Latest posts by Agata Nabaglo (see all)
Chris Ryan is one of the most valued figures in the Canberra com- edy scene, and, watching Bogus, it’s easy to see why.
It’s clear that Chris belongs up on stage telling jokes, and witnessing her do so is pure joy. She seems to be one of those rare comedians that are so good at what they do, and so comfortable doing it, that they make comedy seem easy. She commanded the attention of the room effortlessly; she evoked waves of laughter without so much as a sweat.
Bogus is about Ryan being fed up by just about everything. A lot of comedians couldn’t pull off a show based around being sick of it; endless rants and so on can be a bit draining, and it’s easy to alienate parts of your audience if you accidentally (or otherwise) breach the line into material that’s offensive.
Ryan, however, managed to stay away from the rants and insults, and instead imbued the show with relatable worries and stories. Chris Ryan is unapologetically herself on stage, and it’s amazing because she’s just like us (though a lot more charismatic); she says the things we all think but can’t say for fear of getting into trouble, and it’s so freeing to hear them finally said out loud.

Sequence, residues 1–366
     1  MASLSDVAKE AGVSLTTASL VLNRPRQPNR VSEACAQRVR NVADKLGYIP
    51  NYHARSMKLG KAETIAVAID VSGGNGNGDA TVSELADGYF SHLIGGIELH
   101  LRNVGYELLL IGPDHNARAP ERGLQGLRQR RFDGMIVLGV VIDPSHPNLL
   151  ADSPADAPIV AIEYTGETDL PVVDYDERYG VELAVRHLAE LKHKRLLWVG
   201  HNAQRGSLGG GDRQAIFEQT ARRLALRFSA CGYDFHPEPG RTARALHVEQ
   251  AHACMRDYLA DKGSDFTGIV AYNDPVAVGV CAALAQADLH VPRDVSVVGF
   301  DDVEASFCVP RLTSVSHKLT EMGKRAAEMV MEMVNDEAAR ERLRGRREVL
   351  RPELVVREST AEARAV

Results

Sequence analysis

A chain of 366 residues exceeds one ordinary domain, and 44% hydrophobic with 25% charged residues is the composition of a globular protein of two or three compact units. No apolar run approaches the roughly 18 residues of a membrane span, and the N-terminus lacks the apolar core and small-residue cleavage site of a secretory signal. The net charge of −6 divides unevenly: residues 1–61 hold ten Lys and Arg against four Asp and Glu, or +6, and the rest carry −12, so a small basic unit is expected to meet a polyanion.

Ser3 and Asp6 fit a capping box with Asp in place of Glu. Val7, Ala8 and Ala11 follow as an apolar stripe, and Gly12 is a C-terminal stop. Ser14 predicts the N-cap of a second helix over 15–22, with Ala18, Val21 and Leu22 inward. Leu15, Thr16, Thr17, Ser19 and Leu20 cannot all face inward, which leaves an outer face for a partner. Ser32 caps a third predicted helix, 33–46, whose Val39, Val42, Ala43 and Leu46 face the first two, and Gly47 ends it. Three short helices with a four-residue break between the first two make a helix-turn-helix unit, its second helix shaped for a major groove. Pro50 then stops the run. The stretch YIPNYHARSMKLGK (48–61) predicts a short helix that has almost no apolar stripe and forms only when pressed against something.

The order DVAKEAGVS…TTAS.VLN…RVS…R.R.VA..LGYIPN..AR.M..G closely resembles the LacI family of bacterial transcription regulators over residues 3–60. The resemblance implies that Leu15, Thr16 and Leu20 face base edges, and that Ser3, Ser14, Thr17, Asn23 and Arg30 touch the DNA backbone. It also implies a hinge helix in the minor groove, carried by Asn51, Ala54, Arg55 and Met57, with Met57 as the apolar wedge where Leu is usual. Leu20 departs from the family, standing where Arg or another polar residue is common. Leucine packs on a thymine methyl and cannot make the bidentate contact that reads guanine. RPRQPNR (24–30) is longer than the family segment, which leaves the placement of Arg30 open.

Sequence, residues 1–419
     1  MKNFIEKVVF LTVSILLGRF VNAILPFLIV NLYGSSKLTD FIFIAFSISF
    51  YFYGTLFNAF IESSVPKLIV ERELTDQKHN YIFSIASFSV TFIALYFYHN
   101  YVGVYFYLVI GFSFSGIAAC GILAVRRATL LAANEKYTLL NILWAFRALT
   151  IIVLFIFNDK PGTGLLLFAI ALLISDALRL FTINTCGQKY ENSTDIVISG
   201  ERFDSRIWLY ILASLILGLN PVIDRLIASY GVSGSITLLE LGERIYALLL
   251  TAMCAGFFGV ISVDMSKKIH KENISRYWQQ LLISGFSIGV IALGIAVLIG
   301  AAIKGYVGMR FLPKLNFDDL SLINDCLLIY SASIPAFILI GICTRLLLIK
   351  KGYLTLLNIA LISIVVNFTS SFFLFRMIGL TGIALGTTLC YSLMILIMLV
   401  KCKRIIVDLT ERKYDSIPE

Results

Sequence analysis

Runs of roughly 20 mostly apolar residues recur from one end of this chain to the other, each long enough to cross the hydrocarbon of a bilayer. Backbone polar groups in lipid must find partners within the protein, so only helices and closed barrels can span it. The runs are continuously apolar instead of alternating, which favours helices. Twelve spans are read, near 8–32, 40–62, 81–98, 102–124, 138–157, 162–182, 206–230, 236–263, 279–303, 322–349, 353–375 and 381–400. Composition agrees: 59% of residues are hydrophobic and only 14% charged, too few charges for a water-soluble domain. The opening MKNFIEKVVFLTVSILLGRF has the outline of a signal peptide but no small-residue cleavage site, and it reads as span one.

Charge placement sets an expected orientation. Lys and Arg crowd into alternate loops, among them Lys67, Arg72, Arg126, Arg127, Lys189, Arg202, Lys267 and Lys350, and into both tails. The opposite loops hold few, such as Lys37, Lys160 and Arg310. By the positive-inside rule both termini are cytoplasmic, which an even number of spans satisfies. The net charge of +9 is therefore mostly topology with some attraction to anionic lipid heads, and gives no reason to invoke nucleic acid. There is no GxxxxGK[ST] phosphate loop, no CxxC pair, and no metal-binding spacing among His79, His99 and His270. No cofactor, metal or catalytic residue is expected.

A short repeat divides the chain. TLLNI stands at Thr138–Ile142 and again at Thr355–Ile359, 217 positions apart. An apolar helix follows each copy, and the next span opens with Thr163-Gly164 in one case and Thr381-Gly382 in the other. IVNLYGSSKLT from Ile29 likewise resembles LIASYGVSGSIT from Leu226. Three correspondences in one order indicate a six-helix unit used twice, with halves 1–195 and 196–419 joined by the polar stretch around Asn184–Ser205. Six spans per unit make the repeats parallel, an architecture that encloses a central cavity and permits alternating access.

Ryan has all the wisdom that comes with life experience with little of the (boring!) maturity, and it’s fantastic. The rest of the Bogus audience clearly agreed. We were all enthralled by her witty observations, and loved her material so much that she had to keep pausing for applause breaks.
Usually at this point of the review I’d point out some flaws in the show I’m reviewing. But I genuinely can’t think of anything bad to say about Bogus. Perfection might be unachievable, but Chris Ryan is damn near close to it. She has won me over, and, what’s more, she’s clearly won the hearts of Canberra audiences. I have no doubt that within the next few years Chris Ryan will become a household name in Australian comedy, and Australian comedy will be all the more interesting because of it.
You can catch Chris Ryan when she brings Bogus to the Enmore Theatre as part of the Sydney Comedy Festival on Sat–Sun May 18–19. She can also be found doing sets at local gigs throughout the year.